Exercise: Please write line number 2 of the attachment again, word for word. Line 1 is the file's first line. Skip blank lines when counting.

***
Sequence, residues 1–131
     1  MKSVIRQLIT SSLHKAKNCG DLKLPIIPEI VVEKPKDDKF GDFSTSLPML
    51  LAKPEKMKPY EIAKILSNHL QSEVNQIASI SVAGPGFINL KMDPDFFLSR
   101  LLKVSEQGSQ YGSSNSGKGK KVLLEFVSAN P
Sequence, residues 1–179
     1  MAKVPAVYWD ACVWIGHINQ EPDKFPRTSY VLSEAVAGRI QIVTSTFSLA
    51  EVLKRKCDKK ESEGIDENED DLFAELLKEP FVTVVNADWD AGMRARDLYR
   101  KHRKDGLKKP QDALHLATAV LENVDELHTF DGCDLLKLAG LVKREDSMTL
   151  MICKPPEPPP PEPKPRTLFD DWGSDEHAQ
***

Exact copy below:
     1  MKSVIRQLIT SSLHKAKNCG DLKLPIIPEI VVEKPKDDKF GDFSTSLPML